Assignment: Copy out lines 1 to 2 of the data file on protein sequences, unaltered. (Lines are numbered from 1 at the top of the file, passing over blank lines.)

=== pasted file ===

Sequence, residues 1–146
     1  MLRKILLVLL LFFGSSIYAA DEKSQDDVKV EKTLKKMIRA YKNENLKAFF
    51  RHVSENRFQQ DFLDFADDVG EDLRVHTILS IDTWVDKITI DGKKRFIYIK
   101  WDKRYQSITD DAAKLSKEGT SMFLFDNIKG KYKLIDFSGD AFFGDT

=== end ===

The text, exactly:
Sequence, residues 1–146
     1  MLRKILLVLL LFFGSSIYAA DEKSQDDVKV EKTLKKMIRA YKNENLKAFF